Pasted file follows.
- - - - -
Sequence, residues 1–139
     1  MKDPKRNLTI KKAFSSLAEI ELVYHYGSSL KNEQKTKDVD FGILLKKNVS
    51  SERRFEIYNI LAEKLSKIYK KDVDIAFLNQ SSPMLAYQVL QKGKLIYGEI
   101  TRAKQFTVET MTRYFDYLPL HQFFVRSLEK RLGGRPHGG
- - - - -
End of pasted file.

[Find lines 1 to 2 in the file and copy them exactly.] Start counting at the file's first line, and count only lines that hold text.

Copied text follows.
Sequence, residues 1–139
     1  MKDPKRNLTI KKAFSSLAEI ELVYHYGSSL KNEQKTKDVD FGILLKKNVS